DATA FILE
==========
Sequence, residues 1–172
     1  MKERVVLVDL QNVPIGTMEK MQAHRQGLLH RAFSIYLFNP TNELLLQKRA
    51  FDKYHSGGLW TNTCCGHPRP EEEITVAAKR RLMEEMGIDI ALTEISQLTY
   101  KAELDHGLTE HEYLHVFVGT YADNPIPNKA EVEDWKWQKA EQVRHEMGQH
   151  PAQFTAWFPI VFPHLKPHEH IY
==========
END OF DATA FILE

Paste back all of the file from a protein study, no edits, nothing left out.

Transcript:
Sequence, residues 1–172
     1  MKERVVLVDL QNVPIGTMEK MQAHRQGLLH RAFSIYLFNP TNELLLQKRA
    51  FDKYHSGGLW TNTCCGHPRP EEEITVAAKR RLMEEMGIDI ALTEISQLTY
   101  KAELDHGLTE HEYLHVFVGT YADNPIPNKA EVEDWKWQKA EQVRHEMGQH
   151  PAQFTAWFPI VFPHLKPHEH IY